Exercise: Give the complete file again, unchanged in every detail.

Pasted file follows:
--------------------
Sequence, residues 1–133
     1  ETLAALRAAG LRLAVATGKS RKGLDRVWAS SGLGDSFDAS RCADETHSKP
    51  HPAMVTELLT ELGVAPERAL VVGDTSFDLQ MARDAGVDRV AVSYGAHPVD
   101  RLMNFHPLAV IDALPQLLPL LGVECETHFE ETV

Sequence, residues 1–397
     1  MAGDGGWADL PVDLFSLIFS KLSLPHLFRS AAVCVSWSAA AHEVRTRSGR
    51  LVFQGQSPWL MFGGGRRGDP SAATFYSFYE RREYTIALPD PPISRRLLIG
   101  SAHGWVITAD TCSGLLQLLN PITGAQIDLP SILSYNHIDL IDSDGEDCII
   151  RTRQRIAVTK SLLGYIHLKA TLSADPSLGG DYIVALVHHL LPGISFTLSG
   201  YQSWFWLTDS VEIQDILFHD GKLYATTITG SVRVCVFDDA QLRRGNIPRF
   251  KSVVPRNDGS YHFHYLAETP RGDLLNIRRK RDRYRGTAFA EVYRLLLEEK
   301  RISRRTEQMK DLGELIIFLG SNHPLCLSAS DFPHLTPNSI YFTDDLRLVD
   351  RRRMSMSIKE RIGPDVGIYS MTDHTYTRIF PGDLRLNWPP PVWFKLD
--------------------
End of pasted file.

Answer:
Sequence, residues 1–133
     1  ETLAALRAAG LRLAVATGKS RKGLDRVWAS SGLGDSFDAS RCADETHSKP
    51  HPAMVTELLT ELGVAPERAL VVGDTSFDLQ MARDAGVDRV AVSYGAHPVD
   101  RLMNFHPLAV IDALPQLLPL LGVECETHFE ETV

Sequence, residues 1–397
     1  MAGDGGWADL PVDLFSLIFS KLSLPHLFRS AAVCVSWSAA AHEVRTRSGR
    51  LVFQGQSPWL MFGGGRRGDP SAATFYSFYE RREYTIALPD PPISRRLLIG
   101  SAHGWVITAD TCSGLLQLLN PITGAQIDLP SILSYNHIDL IDSDGEDCII
   151  RTRQRIAVTK SLLGYIHLKA TLSADPSLGG DYIVALVHHL LPGISFTLSG
   201  YQSWFWLTDS VEIQDILFHD GKLYATTITG SVRVCVFDDA QLRRGNIPRF
   251  KSVVPRNDGS YHFHYLAETP RGDLLNIRRK RDRYRGTAFA EVYRLLLEEK
   301  RISRRTEQMK DLGELIIFLG SNHPLCLSAS DFPHLTPNSI YFTDDLRLVD
   351  RRRMSMSIKE RIGPDVGIYS MTDHTYTRIF PGDLRLNWPP PVWFKLD